IT IS worrying that Dhaka is burdened with chaotic beautification projects while many other structures remain unattended. Although the projects of sculptures, fountains and others are aimed at enhancing the beauty of the capital city, they stand in major crossings and on road lane dividers as eye sores, failing to live up to the promise of making the city look beautiful. Experts and urban developers think that most of such structures are inappropriately and incoherently installed and not in harmony with the landscape. Most of other structures, including Aparajeya Bangla, Raju Memorial Sculpture and Swoparjita Swadhinata in Dhaka University, Shapla Square at Motijheel and Doyel Square near the Bangla Academy are in a bad state, urgently requiring renovation or refurbishment. City authorities have, as New Age reported on Friday, in the meantime, leased out many of the locations, to mostly banks, for beautification, allowing them to put up advertisements as sponsors of the structure; but they hardly take care of the locations and often make them look ugly with improper structures.
When even the existing structures and artworks have hardly contributed to the enhancement of the beauty of the bustling city, where lack of open spaces and greenery is what first needs to be attended to, giving out spaces to banks and other organisations that are interested in using the spaces for commercial purposes with advertisements and artless and irrelevant structures is distressing. There have also been widespread allegations of corruption in the projects involving city authorities. Urban developers, artists and residents have criticised the selection of spaces for beautification as many projects have been allowed in very unlikely places many of which are known as pocket and shared spaces. The result has been more of a visual pollution and passenger’s plight than beauty. The trouble that digital and well-lit posters on the footpath along the busiest of roads pose to vehicles and pedestrians is a case in point. Dhaka is burdened with a growing population, with a rapid damage to its environment, the shortage of open spaces and the death of rivers flowing by and water bodies and an incoherent use of spaces for beautification are likely to add to the woes.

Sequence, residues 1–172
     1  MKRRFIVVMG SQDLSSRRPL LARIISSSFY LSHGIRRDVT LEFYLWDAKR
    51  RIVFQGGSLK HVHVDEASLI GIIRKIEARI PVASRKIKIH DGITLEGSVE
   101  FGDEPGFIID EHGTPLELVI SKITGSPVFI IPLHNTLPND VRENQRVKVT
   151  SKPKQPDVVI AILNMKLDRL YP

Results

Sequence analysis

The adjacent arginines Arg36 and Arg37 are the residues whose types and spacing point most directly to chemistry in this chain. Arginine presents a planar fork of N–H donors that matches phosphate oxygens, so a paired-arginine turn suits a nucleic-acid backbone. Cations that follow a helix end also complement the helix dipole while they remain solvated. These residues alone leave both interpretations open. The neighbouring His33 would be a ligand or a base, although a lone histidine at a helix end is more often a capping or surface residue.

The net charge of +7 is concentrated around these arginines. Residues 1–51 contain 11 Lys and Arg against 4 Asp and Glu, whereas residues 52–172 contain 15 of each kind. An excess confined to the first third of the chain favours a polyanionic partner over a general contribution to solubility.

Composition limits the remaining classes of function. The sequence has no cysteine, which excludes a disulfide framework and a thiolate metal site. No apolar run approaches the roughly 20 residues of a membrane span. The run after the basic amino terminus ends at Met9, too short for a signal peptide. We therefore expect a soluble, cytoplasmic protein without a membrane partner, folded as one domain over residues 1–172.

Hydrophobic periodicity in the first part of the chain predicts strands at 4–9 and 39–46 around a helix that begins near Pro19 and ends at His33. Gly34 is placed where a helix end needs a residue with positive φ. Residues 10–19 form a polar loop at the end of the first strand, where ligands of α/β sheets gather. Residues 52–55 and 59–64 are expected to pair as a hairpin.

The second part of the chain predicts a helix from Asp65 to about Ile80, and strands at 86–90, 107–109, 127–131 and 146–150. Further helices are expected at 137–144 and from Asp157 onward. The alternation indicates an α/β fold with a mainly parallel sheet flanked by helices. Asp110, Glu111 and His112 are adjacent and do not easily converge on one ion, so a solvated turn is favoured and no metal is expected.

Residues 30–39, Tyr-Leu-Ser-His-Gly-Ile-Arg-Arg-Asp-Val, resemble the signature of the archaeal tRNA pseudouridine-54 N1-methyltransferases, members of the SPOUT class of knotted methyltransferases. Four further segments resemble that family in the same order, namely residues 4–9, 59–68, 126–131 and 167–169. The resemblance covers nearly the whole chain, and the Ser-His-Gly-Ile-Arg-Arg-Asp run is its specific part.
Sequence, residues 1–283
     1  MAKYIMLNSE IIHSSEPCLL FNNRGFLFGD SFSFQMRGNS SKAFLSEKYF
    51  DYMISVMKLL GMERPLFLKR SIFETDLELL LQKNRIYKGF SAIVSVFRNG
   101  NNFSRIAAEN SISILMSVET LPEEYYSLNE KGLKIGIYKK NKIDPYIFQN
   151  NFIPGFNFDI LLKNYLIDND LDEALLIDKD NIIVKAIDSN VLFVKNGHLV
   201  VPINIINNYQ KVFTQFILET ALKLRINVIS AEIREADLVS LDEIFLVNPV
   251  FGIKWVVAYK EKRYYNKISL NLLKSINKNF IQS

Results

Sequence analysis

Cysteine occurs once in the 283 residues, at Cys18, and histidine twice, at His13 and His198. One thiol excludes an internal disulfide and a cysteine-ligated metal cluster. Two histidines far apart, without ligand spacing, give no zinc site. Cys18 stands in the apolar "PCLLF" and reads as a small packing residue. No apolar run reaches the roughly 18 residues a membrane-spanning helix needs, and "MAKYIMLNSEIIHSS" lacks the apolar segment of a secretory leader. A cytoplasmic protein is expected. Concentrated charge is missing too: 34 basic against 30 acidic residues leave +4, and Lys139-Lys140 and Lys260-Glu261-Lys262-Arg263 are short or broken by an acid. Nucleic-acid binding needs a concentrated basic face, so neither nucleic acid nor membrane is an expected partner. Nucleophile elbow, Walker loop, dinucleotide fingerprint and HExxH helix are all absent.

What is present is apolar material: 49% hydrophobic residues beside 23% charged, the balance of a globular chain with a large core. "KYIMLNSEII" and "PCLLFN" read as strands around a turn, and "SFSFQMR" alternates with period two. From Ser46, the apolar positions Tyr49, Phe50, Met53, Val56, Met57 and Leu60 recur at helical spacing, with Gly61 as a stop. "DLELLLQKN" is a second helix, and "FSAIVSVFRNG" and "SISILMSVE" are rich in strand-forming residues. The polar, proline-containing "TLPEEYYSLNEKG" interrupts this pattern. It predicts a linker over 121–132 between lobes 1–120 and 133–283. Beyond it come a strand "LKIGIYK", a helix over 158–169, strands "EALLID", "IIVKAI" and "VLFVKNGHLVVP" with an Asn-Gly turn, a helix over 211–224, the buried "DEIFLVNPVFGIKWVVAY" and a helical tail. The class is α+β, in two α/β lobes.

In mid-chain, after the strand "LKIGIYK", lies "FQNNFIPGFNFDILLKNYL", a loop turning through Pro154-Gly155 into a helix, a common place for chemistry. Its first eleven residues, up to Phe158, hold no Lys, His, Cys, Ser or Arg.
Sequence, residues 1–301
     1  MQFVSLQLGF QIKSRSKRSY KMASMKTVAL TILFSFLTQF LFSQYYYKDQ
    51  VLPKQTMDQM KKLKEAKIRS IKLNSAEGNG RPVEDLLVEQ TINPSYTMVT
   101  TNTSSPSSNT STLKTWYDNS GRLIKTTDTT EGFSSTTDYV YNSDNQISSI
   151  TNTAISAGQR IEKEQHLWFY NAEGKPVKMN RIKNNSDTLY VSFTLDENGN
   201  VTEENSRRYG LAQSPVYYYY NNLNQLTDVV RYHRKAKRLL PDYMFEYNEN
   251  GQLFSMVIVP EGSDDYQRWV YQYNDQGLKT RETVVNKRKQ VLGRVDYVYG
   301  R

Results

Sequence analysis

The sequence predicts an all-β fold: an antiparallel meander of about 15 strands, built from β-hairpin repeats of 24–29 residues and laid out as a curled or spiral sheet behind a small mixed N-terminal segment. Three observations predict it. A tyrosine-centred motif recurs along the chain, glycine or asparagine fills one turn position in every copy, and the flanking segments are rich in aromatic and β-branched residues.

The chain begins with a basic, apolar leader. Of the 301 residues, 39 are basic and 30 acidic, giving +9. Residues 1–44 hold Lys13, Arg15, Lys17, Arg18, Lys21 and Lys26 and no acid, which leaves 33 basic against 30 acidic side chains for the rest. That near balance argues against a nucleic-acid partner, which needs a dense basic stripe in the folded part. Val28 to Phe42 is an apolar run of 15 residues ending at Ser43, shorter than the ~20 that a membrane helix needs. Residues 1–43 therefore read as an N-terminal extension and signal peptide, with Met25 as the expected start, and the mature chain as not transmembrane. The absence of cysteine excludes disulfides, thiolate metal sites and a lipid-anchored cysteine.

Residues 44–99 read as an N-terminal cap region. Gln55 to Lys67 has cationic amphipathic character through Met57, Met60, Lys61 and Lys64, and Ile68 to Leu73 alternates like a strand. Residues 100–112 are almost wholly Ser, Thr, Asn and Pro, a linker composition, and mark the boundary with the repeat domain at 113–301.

The government and city authorities must, therefore, be cautious about such beautification projects and must consult with experts before projects are taken to deliver what is intended. Attention must also be paid to the maintenance of the existing structures.
Want stories like this in your inbox?
Sign up to exclusive daily email
More Stories from Editorial